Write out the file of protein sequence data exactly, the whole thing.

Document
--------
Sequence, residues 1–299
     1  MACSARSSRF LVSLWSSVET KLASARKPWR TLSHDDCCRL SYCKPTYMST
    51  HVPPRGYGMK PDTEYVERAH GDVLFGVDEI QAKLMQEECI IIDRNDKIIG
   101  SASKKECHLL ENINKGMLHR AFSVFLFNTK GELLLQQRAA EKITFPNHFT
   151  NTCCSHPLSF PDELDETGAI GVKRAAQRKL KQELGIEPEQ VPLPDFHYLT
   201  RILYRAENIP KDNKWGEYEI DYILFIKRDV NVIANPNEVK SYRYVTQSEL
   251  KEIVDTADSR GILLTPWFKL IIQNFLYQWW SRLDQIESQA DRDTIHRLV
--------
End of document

Sequence, residues 1–299
     1  MACSARSSRF LVSLWSSVET KLASARKPWR TLSHDDCCRL SYCKPTYMST
    51  HVPPRGYGMK PDTEYVERAH GDVLFGVDEI QAKLMQEECI IIDRNDKIIG
   101  SASKKECHLL ENINKGMLHR AFSVFLFNTK GELLLQQRAA EKITFPNHFT
   151  NTCCSHPLSF PDELDETGAI GVKRAAQRKL KQELGIEPEQ VPLPDFHYLT
   201  RILYRAENIP KDNKWGEYEI DYILFIKRDV NVIANPNEVK SYRYVTQSEL
   251  KEIVDTADSR GILLTPWFKL IIQNFLYQWW SRLDQIESQA DRDTIHRLV